observed in Ocala this Christmas, and live and multiply without clients, and
on "a few Christmases before. It is a jf x point out that we pursue policies
pretty custom and should be widely I that force or invite litigation neither
Observed. i tho lawvor nnr bis rlipnt ia to he
The Oklawaha Valley railroad office The fact that a law carries no ap
is next door to us, and the next thing prop riation or tax does not warrant
you know the Star will be accused of I the conclusion that it will cost the
being a totiiroad organ. The Star is public nothing, for the most innocent
going to do its best to' help the little looking bill may soon shift heavy
road and wants our people, for their costs upon the public.
own interest, to give it all the patron-) For the present, I prefer to refer
age possible. Receiver Christensen J to the methods followed by us in en
has no part nor parcel in the disputes acting laws, rather than to question
over the road. He is simply a prac- the merits of any particular legisla legisla-tical
tical legisla-tical railroad man, and managing the tion. What are our methods in this
O. V. is his job, not his scheme. He important detail? Laws are drafted
is assisted by that industrious young with utter lack of care or skill, with
business man, Mr. J. B. Horrell, well J out proper regard to other laws, and
known to ail our people, and most of new, untried and empty terms are em-
the old crew of the O. V., many of ployed to cause lawsuits that could be
them Ocalu citizens, so we should easily avoided.
consider tne road a home institution, General statutes are infringed upon
and act accordingly. by a flood of amendments that leaves
all in doubt, and constitutional re-
Everything points to improvement straints are flouted at will. Local and
in Ocala affairs next year. Business partisan interests are too often re-
for four years has oscillated between fleeted -rather than a consideration of
the iron-bound strictness of the war- the public good.
time period and the extravagance of Many important general laws that
the days suioeeding, and its resultant have stood for years in need of correc
Odd rockers for the home make
most desirable holiday giftsj and we
have an elegant line' at attractive
f rices. Look them over. Theus Bros.,
The Furniture Men 30-tf
Sugar Cane Syrup, II-
p.nt bottles .
Tall Pink Salmon 1 C-
per can 1
one package J
UNEEDAS, -I Cn
three packages JG
OCTAGON SOAP, f
one cake OC
OCTAGON SOAP, 1 Cr
two cakes AiJC
OCTAGON SOAP, O 1
thrje cakes AO
OCTAGON SOAP, Rfii
twelve cakes i OUC
1'. & G. SOAP, O
c.;e cake OC
I. ic G. SOAP, 1Cr
two cikes XxJK
P. & G. SOAP, Ol
..three cakes. v
P- & G. SOAP, or
twelve cakes OUC
ARGO SALMON Of
per can OvIC
Campbeirs Soup, 1 O
one can A C
Campbell's Soup, A g
four cans.. T'wC
COT! ON SEE!; MEAL
COTTON SEKH Hi:i.l.S.
SWKEi ; Ki ll,
;:i;e:' m rais.
( IKiWI I U
I'l i.'iw con t'mu.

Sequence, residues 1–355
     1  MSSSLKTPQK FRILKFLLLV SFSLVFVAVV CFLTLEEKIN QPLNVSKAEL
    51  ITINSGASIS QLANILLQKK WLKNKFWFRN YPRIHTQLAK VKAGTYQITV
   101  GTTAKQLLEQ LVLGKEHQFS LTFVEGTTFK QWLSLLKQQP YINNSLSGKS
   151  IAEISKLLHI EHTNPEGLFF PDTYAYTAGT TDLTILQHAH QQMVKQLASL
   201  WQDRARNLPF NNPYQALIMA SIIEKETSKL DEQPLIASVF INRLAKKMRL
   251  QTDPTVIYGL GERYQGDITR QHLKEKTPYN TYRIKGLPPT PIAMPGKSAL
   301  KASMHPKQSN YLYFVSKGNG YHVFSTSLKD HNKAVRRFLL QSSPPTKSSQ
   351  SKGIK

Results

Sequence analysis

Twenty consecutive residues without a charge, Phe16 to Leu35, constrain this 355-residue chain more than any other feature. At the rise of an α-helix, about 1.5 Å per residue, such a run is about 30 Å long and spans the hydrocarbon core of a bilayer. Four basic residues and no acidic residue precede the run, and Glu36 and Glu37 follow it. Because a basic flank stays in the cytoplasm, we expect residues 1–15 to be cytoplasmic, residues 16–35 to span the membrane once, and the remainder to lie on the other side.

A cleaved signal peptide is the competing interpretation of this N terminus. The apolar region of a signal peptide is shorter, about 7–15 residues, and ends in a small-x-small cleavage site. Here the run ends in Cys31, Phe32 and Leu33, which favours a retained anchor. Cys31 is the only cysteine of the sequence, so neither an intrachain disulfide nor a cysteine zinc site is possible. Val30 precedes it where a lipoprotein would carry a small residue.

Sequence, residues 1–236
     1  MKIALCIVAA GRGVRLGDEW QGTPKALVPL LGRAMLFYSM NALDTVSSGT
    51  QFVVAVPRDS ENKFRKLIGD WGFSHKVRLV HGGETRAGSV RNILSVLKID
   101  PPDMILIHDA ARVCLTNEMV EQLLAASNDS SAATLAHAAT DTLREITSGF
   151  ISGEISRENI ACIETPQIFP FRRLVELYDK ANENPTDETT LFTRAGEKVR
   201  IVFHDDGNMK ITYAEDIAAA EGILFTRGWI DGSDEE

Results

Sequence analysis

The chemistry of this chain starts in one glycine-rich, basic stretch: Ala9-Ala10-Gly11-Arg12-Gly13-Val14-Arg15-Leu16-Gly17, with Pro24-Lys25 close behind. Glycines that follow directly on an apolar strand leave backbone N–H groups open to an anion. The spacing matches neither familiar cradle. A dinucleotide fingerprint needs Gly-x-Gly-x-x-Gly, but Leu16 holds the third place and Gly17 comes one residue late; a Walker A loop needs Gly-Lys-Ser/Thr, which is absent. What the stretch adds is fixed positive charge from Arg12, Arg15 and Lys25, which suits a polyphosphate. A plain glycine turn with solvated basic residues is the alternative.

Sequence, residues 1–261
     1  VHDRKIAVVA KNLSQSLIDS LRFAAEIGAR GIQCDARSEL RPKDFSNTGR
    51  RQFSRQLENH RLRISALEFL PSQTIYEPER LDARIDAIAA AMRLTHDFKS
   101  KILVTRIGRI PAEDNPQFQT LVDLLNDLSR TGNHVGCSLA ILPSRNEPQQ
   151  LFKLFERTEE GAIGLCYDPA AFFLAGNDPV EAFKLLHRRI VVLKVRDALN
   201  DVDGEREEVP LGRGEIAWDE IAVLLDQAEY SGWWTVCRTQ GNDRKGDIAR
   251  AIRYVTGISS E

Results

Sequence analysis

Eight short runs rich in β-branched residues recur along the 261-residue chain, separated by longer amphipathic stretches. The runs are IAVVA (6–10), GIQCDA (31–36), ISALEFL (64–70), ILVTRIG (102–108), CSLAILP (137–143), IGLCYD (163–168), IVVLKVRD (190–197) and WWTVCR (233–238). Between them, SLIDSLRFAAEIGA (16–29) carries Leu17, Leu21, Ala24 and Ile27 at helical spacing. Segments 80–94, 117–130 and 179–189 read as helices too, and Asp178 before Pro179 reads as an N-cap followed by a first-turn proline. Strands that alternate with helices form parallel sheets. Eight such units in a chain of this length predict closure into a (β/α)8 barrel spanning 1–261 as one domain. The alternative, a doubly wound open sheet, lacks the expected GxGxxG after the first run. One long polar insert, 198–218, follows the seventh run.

Sv RA M ll i K!.:
CALF mow, mow,-PIG
PIG mow,-PIG CHOW.
A general stock of GROCERIES and FEED.
licit your p ronage
Fresh peanut and cocoanut brittle,
tafly, fudges, divinity and chocolate
-jtter creams made every day. Mints
to order. Quality Fruit Store, next
" Masters. 7-tf
Smoke Don Rey. That good cigar.
depression. Now, it seems to be in a
fair way to stabilize. Ocala will have
$150,000 worth of street improvement
in 1322, with a consequent stimula
tion of business as well as better
tion to make them complete are for
gotten, while we reach out for the
new and experimental
No wonder society, is torn and that
the lawyers prosper, for bi-annually
streets. Also, it is likely that the! clients by the score are driven to their
Dixie highway, buildine from theltenaer embraces.
south, wilL reach the city limits, if
not go on ta the northward. One
solid industry will begin with the new
year, and others are likely to follow.
All we have to do is to point our
noses the right way and keep' on
pushing them, and we will see consid considerable
erable considerable betterment around here by
On the occasion of a recent visit to
Gainesville, we saw one of the natural
beauty spots that Alachua county
contributes to the state. It is called
the Devil's Mill- Hopper, most inap inappropriately,
propriately, inappropriately, for as we stood beside a
limpid pool of water at the bottom of
the depression, and looked up at its
fern and palm-clad sides, down which
ippled brooklets from many little
crystal springs we thought it was
more likely' to be the resort or fairies
than of iraps. .The "Hopper" is a
Federal Fruit Cake. 16-tf
Smoke Don Rey. That good cigar.
Geo. MacKay S Co.
HIGH GRADE PAINT
N the herlrt ot the city, with
Hemminr; I'.uk t r ;t fnnt
yard. Kverv nr l. rn o !v n n-rence
rence n-rence ii each r- n. Di'-in-
rom service is scnn' t- n -.
kobi:rt m. v.' .vkk.
j. e. kavanaugh,
liStar Ads are Business Builders. Phor e51
is the Way to Make
Buy a Bargain
To instance just one case of abuse
and neglect: The special charters for
cities and towns in thi3 state cover
thousands' of pages of our statutes,
present every known form and idea
of municipal government. A flood of
such charters and amendments are
wearily ground out by each legisla legislature.;
ture.; legislature.; Outside of the city or town af affected,